The Second Age, Part 3: We Did It, and So Can You!

The Final Piece of a 3 Part Segment on The Second Age of Middle Earth! Here’s how you can use our strategies in your own classroom.

Working on The Second Age of Middle Earth has been a fun adventure. James and I have been working over the past year to develop our Language and Literature curriculum for kids, and SPACE has been a wonderful testing ground to see what questions, content, and connections are accessible for new learners. While SPACE is specifically catered to adult learners, the pedagogical approaches are similar. James and I have to approach the lessons with certain questions in mind:

  1. How do we activate the students’ prior knowledge to bridge the gap between what they know and what they’re learning for the first time? (See Second Age: Post 2)
  2. How do we visually present the material in a way that is helpful for new learners, and
  3. How do we create questions that not only help them remember the content but also foster creative and flexible discussions about the material?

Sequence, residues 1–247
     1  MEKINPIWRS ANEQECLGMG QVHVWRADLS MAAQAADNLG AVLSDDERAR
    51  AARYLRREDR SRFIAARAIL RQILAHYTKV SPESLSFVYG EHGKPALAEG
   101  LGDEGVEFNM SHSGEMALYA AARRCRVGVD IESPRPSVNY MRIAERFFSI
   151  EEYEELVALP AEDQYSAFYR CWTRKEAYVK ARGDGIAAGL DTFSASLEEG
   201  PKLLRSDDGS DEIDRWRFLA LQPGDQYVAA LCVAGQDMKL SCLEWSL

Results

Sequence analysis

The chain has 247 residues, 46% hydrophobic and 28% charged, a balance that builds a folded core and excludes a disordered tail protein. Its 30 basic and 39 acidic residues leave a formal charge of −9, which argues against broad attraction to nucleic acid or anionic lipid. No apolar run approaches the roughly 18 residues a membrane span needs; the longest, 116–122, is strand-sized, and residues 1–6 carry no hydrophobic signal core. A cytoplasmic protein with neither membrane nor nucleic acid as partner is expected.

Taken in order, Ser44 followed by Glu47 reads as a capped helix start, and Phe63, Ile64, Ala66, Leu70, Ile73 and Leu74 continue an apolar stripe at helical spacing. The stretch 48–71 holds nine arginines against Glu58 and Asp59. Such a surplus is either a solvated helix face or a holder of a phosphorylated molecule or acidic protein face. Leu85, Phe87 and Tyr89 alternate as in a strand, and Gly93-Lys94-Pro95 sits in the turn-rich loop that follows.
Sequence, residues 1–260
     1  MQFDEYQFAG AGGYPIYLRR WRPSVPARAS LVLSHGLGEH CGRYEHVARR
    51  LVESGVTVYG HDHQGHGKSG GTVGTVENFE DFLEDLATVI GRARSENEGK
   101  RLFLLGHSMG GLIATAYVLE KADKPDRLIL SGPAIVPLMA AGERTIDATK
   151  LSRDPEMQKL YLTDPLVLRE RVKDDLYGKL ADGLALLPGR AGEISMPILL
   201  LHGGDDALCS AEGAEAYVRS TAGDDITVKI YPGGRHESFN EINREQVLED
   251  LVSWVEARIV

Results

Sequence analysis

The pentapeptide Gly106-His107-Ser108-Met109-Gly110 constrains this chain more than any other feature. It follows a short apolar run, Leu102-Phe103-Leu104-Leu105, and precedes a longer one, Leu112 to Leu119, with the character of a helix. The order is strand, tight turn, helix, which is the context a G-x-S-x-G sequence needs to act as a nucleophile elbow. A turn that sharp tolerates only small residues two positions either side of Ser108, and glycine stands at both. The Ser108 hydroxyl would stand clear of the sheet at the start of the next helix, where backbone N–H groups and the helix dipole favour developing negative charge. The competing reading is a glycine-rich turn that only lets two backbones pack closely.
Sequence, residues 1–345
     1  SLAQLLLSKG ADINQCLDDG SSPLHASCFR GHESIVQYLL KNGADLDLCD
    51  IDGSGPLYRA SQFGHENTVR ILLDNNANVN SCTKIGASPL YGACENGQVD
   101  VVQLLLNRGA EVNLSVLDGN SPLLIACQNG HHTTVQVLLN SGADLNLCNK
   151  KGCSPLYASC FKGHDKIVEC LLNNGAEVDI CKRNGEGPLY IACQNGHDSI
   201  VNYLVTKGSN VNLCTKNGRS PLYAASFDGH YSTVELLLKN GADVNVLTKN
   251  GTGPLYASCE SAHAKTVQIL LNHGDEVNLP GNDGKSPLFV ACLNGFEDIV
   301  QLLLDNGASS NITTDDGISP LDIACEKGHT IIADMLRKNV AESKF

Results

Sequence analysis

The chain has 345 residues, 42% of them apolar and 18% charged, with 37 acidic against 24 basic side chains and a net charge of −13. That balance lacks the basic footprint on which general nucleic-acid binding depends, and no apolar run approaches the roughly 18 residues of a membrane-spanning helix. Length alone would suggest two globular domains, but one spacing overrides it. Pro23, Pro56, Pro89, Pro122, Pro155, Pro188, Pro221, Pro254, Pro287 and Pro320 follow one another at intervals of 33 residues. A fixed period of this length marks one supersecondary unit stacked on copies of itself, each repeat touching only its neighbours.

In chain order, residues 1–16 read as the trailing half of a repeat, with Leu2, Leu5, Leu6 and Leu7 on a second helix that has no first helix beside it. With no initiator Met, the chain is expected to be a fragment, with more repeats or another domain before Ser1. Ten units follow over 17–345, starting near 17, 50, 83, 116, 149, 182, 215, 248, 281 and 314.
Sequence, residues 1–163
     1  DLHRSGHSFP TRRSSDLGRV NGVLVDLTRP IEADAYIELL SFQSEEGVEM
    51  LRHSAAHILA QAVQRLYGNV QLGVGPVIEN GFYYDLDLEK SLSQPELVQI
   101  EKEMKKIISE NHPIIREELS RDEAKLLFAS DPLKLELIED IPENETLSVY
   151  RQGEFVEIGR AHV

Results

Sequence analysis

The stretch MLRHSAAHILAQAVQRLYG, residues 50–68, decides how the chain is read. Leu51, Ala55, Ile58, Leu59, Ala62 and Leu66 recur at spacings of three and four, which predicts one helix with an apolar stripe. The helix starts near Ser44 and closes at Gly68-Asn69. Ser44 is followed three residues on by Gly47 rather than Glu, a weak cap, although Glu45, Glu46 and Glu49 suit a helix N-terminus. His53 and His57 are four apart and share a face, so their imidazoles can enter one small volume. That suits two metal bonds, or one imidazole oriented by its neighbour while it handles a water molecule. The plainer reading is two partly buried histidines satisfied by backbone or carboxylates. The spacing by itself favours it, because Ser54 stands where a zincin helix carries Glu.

We used The Lord of the Rings as our master text for nearly all of our SPACE classes. Tolkien provides a wealth of historical and linguistic information throughout the story of LotR in addition to the appendices. Thanks to James’s work with the Digital Tolkien Project, we were able to decide which textual references throughout the six Books would be relevant to the newer content that we’d be teaching. For our Bridge to the Silmarillion course, First Age references were helpful, as were the characters’ reactions to learning about the First Age. Parallel translations gave us the opportunity to puzzle out words, grammar, and sentence structure in Tolkien’s languages, and they helped us to differentiate between the various forms of Elvish (this was done in our Invented Languages course).